Articles Posted in Martin County

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The new year is quickly approaching, and thousands of Floridians have made plans or are starting to think about how to say goodbye to 2015 and ring in 2016.

But before you solidify your New Year’s Eve plans, fire officials have some tips for residents and visitors when it comes to fireworks.

“Anything that is projectile or leaves the ground is illegal in the State of Florida. Basically your safest bet is with a sparkler,” said Natalie McQueen, a Firefighter and Paramedic for the Panama City Beach Fire Department.

Even though sparklers are allowed in the Sunshine State, residents and visitors still need to exercise caution when using them.

Younger children should never light or handle sparklers. Parents should maintain a close watch on kids at all times if sparklers are going to be used. Burns are very common to the hands and face since sparklers do have flickers that come off once they are lit.

If you are using sparklers, after you are done with them, fire officials say to place them in a big bucket full of water, and let them sit overnight.

While setting off your own fireworks might seem fun, our Florida Criminal Defense Lawyers at Whittel & Melton want to remind everyone that the best way to stay safe while ringing in the New Year is leaving the fireworks to the pros. If you are caught with fireworks in the State of Florida it could lead to misdemeanor charges.

Under Florida law, the use of or possession of illegal fireworks is a first-degree misdemeanor. If you are accused of breaking this law, please be aware that you will be arrested. If you are convicted of this crime, you can be sentenced to up to one year in jail, given up to one year on probation, and/or fined up to one thousand dollars.

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Thanksgiving is a time of year when families get together to celebrate memories and honor traditions. However, this is also the time of year when law enforcement agencies gear up to catch drunk drivers on our roadways.

Most law enforcement agencies, receive federal grants to increase their staffing levels during the holiday season, which typically begins with the four-day Thanksgiving weekend and continues to New Year’s Day. Arrests for DUI are highest during this time period.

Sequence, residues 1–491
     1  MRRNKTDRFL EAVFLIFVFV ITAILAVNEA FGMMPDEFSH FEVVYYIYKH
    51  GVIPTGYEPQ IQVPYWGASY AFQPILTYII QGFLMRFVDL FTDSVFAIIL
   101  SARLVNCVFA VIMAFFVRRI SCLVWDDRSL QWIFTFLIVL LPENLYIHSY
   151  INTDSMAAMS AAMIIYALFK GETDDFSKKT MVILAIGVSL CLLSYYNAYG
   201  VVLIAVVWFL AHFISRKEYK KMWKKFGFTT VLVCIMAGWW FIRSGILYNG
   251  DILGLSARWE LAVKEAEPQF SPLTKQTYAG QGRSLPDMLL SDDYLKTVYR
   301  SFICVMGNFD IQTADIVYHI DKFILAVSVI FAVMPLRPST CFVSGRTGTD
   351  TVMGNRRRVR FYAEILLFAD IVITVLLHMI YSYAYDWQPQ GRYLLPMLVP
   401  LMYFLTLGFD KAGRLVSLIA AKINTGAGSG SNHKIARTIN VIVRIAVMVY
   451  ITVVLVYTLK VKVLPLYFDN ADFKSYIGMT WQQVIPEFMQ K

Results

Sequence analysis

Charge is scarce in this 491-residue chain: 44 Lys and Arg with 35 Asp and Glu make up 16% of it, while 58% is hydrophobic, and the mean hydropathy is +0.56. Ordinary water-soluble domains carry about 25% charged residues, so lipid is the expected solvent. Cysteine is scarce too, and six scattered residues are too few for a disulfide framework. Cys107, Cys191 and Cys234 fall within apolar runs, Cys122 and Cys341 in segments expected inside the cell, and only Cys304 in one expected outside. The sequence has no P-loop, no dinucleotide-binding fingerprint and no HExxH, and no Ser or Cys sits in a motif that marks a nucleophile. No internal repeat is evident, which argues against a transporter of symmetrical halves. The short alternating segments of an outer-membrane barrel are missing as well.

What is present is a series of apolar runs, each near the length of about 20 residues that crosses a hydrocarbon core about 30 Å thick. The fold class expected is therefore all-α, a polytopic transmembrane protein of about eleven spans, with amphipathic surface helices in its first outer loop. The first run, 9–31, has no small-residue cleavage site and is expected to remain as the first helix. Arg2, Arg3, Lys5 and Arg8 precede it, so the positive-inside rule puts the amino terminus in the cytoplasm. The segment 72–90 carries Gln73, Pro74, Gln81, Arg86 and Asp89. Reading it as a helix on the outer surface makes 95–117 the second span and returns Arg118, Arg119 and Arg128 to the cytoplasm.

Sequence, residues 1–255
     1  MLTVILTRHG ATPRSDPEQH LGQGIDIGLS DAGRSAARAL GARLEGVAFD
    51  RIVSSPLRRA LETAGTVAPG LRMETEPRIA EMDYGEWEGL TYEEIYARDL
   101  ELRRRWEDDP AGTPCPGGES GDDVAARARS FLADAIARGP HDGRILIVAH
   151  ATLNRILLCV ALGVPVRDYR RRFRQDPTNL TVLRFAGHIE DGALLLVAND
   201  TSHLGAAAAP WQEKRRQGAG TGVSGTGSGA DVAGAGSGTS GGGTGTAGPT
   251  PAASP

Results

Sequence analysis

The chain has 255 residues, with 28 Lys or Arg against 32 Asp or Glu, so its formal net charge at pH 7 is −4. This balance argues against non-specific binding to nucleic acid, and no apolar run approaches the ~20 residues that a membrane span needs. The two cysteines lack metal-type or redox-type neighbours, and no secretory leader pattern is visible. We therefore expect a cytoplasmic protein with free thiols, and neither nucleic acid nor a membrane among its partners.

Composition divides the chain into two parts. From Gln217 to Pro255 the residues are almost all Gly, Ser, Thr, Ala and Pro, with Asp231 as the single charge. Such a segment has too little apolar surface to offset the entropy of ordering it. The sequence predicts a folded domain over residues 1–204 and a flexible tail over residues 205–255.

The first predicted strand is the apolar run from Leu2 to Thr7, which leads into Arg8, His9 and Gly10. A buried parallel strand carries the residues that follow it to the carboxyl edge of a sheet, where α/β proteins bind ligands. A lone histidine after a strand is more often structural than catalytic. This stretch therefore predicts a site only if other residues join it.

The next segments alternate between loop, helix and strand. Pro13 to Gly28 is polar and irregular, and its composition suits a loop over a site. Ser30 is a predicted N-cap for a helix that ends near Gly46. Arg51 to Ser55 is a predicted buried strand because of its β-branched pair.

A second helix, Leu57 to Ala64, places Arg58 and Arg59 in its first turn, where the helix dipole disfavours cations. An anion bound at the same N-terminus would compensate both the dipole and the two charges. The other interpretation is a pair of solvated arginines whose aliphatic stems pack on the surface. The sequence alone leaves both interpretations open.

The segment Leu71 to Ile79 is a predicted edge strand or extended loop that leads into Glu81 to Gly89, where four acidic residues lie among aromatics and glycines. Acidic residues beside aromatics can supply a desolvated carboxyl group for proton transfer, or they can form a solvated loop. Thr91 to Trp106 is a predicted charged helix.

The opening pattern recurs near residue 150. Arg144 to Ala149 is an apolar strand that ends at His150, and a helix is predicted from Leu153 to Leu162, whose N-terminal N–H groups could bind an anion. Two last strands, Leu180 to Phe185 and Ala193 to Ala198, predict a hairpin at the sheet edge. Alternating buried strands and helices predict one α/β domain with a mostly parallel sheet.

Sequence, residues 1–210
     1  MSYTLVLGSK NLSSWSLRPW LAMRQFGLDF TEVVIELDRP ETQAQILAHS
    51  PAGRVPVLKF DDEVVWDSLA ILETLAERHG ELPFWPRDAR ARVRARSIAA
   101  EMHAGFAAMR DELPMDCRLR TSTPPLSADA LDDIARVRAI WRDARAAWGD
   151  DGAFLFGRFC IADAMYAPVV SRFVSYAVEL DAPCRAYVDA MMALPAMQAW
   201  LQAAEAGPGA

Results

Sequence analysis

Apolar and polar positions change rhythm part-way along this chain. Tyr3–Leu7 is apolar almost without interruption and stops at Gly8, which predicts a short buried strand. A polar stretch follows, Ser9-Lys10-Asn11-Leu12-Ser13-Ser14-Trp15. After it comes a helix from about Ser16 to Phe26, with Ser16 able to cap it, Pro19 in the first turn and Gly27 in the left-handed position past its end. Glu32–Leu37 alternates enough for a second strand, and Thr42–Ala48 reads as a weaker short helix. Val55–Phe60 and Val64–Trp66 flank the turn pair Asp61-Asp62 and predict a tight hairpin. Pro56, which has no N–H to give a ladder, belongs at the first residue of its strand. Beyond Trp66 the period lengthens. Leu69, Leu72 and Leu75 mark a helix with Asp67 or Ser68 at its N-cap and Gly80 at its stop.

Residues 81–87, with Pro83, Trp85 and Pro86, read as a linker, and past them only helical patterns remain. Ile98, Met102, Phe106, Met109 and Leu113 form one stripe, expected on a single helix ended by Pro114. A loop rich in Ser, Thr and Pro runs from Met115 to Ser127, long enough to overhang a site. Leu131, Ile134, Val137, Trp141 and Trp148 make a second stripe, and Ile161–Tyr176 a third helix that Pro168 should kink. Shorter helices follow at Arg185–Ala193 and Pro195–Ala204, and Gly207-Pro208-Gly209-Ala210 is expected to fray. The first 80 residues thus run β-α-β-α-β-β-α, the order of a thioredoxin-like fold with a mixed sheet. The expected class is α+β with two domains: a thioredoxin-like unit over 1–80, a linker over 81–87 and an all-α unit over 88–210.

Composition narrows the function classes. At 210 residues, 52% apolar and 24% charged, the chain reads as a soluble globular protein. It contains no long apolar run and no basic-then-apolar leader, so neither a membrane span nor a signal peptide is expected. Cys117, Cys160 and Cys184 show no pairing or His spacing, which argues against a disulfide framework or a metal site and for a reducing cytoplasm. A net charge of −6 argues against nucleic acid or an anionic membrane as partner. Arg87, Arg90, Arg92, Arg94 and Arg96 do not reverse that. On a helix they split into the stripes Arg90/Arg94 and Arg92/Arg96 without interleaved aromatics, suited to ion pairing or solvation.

The following are a few tips that may prove helpful to avoid a Thanksgiving DUI:

  1. Do not drink and drive. If you have been drinking, call a cab, a friend or use a ride share app like Uber or Lyft to get home safe. If you know you will be drinking, designate a sober driver to take you home.
  2. If you are pulled over, do not talk to law enforcement about where you were or what you were doing. Remember, you have the right to remain silent until you have your lawyer present.
  3. If you are involved in an accident, stop immediately and remain at the scene. Do not admit to anything and request to speak with a lawyer as soon as possible.
  4. Do not fall asleep inside your vehicle. You could get arrested if the officer observes that you have the keys in the ignition or if the engine is running.
  5. Drive cautiously. Police will be closely monitoring motorists for any mistakes they make. In particular, they will be on the lookout for motorists who may be driving too fast or too slow, or running red lights or failing to stop at stop signs.

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As a U.S. citizen, you have what is known as Miranda Rights. The term Miranda Rights has its origins in a 1966 U.S. Supreme Court Case known as Miranda v. Arizona. The court’s ruling on this matter gives anyone in police custody or facing potential criminal charges to be advised of their right against self-incrimination. This is also an element of the 5th Amendment of the U.S. Constitution.